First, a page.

Water Is An Important Factor That Affects Sorption

1584 WordsApr 17, 20167 Pages
Water is an important factor that affects sorption because when there is excess water or when water drains through soil from sources at the surface, adsorbed pesticide molecules can become unattached, or desorbed, and wash away to a new location (Rao, 1999). Just as degradation has a measure in the half-life of a compound, sorption also has a measure in the partition coefficient (Koc), which is a ratio of pesticide concentration in a soil bound state versus dissolved in soil-water (Rao, 1999). In fact, “the solubility of a pesticide and its sorption on soil are inversely related; [in other words], increased solubility results in less sorption” (Rao, 1999). Both sorption and degradation are effected by soil type and pH, both of which…show more content…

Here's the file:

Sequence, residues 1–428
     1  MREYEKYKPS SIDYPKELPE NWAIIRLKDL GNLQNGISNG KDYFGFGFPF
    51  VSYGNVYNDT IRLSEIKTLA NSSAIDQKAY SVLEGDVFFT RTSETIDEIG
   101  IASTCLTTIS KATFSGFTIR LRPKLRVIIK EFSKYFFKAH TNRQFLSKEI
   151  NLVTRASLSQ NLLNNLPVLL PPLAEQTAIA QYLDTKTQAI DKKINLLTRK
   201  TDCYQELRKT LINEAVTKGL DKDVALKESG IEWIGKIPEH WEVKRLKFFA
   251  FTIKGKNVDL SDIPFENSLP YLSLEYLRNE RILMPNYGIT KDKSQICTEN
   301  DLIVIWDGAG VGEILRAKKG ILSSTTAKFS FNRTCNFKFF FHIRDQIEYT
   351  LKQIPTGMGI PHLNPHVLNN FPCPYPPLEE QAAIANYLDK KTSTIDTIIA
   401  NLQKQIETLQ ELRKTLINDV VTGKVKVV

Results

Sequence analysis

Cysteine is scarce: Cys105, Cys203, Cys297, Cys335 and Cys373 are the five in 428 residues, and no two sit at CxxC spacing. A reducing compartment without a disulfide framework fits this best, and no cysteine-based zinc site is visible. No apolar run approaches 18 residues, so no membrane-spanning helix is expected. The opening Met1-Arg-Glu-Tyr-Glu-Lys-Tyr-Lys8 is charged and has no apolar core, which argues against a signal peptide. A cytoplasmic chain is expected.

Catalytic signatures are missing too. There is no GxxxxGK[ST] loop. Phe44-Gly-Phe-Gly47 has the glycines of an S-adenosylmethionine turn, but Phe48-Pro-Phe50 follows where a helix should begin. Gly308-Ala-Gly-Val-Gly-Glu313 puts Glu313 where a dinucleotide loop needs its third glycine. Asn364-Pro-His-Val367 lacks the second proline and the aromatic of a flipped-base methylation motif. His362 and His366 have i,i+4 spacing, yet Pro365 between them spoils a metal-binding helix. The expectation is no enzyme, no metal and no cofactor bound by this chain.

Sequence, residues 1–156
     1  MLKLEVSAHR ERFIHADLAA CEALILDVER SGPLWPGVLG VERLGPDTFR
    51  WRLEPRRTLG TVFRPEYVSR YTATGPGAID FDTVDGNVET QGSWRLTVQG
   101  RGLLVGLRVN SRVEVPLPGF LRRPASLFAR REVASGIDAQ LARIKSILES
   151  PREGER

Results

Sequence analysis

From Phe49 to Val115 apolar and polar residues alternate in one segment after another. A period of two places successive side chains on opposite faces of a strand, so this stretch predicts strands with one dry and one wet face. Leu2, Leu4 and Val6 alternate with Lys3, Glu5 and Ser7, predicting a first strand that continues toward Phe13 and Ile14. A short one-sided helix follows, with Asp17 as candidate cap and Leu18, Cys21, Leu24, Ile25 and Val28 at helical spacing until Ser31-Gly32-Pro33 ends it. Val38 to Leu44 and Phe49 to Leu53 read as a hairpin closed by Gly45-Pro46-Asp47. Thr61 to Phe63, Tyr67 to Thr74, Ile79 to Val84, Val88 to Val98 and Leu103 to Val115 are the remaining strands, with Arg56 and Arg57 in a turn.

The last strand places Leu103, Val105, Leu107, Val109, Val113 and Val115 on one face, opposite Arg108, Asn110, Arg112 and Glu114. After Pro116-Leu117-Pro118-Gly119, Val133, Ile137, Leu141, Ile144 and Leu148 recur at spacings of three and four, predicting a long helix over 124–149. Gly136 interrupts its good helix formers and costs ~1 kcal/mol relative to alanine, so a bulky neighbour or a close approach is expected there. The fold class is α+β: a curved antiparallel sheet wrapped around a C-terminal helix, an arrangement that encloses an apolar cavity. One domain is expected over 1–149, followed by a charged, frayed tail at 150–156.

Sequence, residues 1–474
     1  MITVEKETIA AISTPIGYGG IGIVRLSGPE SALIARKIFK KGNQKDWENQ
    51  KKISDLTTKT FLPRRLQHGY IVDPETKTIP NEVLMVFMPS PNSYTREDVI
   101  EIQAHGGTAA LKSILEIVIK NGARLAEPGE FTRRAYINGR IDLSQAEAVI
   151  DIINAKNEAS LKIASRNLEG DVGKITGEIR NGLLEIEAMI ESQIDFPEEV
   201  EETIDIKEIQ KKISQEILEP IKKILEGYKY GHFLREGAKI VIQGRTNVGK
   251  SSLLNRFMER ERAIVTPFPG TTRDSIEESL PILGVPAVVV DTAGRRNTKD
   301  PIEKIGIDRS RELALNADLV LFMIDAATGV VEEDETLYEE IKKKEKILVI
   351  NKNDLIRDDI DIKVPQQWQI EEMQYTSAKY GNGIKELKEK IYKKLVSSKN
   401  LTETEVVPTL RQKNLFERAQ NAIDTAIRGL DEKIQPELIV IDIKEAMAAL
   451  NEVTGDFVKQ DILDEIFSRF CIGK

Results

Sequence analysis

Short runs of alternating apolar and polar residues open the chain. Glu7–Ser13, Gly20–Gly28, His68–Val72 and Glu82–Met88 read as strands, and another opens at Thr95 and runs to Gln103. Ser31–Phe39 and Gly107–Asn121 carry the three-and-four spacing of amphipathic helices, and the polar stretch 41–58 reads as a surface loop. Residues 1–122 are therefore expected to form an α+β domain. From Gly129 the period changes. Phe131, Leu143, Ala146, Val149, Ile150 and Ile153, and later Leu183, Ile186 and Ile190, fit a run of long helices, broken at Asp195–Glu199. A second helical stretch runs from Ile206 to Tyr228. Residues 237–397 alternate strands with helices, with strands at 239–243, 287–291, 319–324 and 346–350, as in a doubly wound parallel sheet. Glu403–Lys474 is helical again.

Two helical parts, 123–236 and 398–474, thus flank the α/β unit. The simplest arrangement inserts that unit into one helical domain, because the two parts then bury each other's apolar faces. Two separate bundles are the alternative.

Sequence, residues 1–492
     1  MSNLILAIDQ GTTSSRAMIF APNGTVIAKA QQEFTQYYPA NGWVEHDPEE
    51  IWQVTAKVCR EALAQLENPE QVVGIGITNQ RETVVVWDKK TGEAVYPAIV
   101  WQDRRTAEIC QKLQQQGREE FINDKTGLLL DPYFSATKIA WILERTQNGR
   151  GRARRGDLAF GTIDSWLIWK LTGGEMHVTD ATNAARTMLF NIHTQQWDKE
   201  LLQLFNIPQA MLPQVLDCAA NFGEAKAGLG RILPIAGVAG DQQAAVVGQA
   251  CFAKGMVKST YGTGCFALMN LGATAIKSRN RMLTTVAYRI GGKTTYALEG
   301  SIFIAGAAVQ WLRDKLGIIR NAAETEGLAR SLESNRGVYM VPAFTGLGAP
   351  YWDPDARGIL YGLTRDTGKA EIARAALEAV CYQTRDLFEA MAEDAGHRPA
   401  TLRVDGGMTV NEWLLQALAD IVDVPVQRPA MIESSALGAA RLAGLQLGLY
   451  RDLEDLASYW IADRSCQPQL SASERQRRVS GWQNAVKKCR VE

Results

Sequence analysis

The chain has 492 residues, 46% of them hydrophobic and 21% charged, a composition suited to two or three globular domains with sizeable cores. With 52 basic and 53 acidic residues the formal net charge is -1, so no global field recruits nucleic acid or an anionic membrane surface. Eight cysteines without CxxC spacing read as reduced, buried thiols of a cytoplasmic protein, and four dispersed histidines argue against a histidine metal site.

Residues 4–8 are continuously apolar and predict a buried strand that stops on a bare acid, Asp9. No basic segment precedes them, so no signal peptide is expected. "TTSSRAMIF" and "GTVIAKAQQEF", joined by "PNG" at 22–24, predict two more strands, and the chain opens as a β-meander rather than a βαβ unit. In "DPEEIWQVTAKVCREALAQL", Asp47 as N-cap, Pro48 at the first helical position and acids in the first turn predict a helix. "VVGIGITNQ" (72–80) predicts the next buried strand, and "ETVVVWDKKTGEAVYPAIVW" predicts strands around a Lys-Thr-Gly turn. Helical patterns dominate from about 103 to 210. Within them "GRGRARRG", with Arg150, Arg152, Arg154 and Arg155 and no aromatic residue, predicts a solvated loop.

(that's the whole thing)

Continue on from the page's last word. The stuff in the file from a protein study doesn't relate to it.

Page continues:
Volatilization is a means of major pesticide loss and its rate of loss can often exceeds that of degradation, runoff, or leaching (van der Werf, 1996). For example, in an Oregon study, soil samples 64km from any agriculture were found to have DDT residues, and in Saskatchewan, Canada, 20% of 2, 4-D iso-octyl ester volatilized in 24 hours (Pimentel, 1995). Once in the atmosphere, pesticide residues can spread anywhere, even Antarctica (Pimentel, 1995). Large amounts of pesticides and organic compounds can be transported around the globe in the atmosphere, for example, “in the atmosphere of the Netherlands, the amounts of BHC, DDT, and heptachlor were reported to be 4600, 1064, and 190 pg/m 3, respectively” (Pimentel, 1995). Topography and Geology Topography and geology affect pesticide movement in as much as directing or transporting pesticides. Topography is very obvious, for example, if a field is right next to a river, it is much more likely for runoff to get into the river system, or if a field is in a low area not very far above the water table, pesticides are very likely to leach into the groundwater. On the other hand, a field could be high and dry and very far from any river or groundwater, but if it is hilly that can pose its own problems. As T. Y. Tong and Chen point out, surface runoff is an important source of non-point pollution (Tong and Chen, 2002). Though it was pointed out by van der Werf that volatilization is the biggest source of
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